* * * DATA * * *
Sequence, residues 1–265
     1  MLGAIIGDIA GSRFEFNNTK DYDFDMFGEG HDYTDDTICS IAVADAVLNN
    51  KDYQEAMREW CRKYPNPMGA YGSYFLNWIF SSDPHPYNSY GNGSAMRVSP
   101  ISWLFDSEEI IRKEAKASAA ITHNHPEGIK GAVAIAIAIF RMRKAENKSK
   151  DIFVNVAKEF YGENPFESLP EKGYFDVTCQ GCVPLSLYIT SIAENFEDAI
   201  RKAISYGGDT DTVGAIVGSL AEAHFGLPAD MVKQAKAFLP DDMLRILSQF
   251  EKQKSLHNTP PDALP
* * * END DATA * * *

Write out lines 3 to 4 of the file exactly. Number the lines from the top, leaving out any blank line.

    51  KDYQEAMREW CRKYPNPMGA YGSYFLNWIF SSDPHPYNSY GNGSAMRVSP
   101  ISWLFDSEEI IRKEAKASAA ITHNHPEGIK GAVAIAIAIF RMRKAENKSK